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Native Plantations

Native plantations are monocultures of species which naturally occur in the region with potentially 30% canopy cover and are planted by people.

 

MILLENNIUM ECOSYSTEM ASSESSMENT REPORTING CATEGORY

Forest Ecosystems

 

What ecosystem functions do native plantations perform?

Selecting the right tree species and applying siviculture practices is important to native plantations providing the desired ecosystem services.

Native plantations are ecosystems created by people for the purpose of timber production. They consist of native species chosen for their high woody biomass. Table 1 presents the magnitude native plantations perform different ecosystem functions (relative to other ecosystems) in SEQ.

Native Plantations have scored more highly in the regulating function category than the other categories. Native forest are the largest terrestrial gas regulator in SEQ, obsorbing high amounts of carbon dioxide (and other chemicals) from the atmosphere and releasing oxygen. Carbon obsorption is a particularly important requirement for trees in their growing stages. Tall trees influence atmospheric processes and weather patterns that regulate microclimates. 

Native plantations are excellent soil retainers as their root systems maintain soil levels at various strata through the soil profile and lower storey plant species buffer the impacts of wind and rain as they hit the soil surface. Trees obsorb nutrients through their roots and depending on the location of the ecosystem can regulate the flow of nutrients to adjacent ecosystems (e.g. rivers). Although native plantations are not as biodiverse as some other native forests (e.g. rainforests), as vegetation flowers and fruits they also provide food and habitat for many native species such as insects and pollen consumers (e.g. birds, possums). Functional food webs create natural biological control.

Native plantation are grown specifically for their raw materials (i.e. timber for multiple human uses). This provisioning function is highly sustainable in native plantations (in comparison to exotic plantations) as once the product has been harvested it can be grown again and still perform the full range of ecosystem functions. Tall trees provide shade and shelter, as well provide a barrier against airborne substances capturing particles such as dust and aerosols. Plantations undergo planned silvicultural maintenance practices. These practices promote active growth amongst the trees which improves overall forest health and has a correlating positive outcome for many ecosystem functions.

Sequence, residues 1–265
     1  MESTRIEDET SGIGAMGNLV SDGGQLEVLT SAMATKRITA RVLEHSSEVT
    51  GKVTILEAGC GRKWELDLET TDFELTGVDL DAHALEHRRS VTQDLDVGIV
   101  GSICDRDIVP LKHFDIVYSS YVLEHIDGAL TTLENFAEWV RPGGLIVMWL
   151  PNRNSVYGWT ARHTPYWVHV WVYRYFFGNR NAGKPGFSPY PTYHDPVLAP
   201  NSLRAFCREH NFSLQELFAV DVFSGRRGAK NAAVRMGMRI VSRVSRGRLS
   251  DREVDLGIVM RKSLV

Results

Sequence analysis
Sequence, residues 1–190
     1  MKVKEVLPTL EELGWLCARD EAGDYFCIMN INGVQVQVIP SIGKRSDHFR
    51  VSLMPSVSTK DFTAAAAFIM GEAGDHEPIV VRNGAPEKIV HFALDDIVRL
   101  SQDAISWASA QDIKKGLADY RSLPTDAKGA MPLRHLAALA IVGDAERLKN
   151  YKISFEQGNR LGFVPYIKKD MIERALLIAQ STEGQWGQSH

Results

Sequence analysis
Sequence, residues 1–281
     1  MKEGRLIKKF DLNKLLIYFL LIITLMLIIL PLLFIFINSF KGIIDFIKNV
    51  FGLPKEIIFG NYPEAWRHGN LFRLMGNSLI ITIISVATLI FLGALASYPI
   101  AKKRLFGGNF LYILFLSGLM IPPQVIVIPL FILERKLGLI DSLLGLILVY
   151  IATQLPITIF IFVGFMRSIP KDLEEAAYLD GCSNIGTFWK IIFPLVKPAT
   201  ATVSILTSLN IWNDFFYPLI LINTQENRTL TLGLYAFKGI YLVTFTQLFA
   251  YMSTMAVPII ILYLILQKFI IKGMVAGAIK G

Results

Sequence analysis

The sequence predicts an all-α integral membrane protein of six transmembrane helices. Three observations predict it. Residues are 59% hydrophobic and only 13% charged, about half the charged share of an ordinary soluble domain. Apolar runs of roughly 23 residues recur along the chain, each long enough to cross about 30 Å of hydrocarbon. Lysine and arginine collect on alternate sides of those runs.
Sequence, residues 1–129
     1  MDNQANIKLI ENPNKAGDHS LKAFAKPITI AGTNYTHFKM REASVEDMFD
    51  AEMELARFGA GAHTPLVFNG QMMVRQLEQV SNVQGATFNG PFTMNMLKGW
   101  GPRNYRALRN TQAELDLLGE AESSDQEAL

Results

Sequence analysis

Table 1:The relative magnitude (to other Ecosystem Reporting Categories) native plantations perform each ecosystem function.

Ecosystem Function Category Ecosystem Function 0
1
2
3
4
5
Regulating Functions
Gas Regulation            
Climate Regulation            
Disturbance Regulation            
Water Regulation            
Soil Retention            
Nutrient Regulation            
Waste Treatment and Assimilation            
Pollination            
Biological Control            
Barrier Effect of Vegetation            
Supporting Functions
Supporting Habitats            
Soil Formation            
Provisioning Functions
Food            
Raw Materials            
Water Supply            
Genetic Resources            
Provision of Shade and Shelter            
Pharmacological Resources            
Cultural Functions
Landscape Opportunity            

 

What types of native plantations are in SEQ?

Native plantation ecosystems in SEQ predominantly support Araucaria cunninhamii, Corymbia citriodora  and Eucalyptus microcorys.

 

What is the area and extent of native plantations in SEQ?

Native plantation areas cover 303 km2, 1.21% of SEQ. This map captures state owned native plantations that consist mostly of rainforest species (e.g. hoop pine) found in the north-western parts of SEQ. Other private plantations exist but are not included in this map due to data gaps.

 

What is the vulnerability of native plantations and threats to this ecosystem in SEQ?

These ecosystems are relatively resilient to most impacts provided the correct species mix is used for the location of the plantation. They can be vulnerable to fire and frost in the first few years of growth. As these ecosystems mature they will become most vulnerable to fire but their strong resilience allows for good regeneration following this type of event. These ecosystems due to their composition and structure are fairly resistant to climate change.

The major threats to native plantations include cyclones, fire and myrtle rust. The probability of cyclones in SEQ is quite low but the risk of fire whether it be of natural or anthropogenic origin is high unless management protocols are in place. The risk of myrtle rust is still unknown but may be devastating to these ecosystems.

  

How do we manage native plantations in SEQ?

The management of native plantations is the responsibility of the landholder. There is a code of practice for the management of plantations in Queensland. However as this code was previously the responsibility of State Government under the Department of Employment, Economic Development and Innovation, the future of this code is unknown under the new Department of Agriculture, Fisheries and Forestry.

The code does not apply to plantations less the 49 hectares. The development of a ‘landholders guide to plantation establishment and management’ complimentary to the code of practice would be highly advantageous to landholders of all sizes (particularly smaller plantations that are not a focus of the code).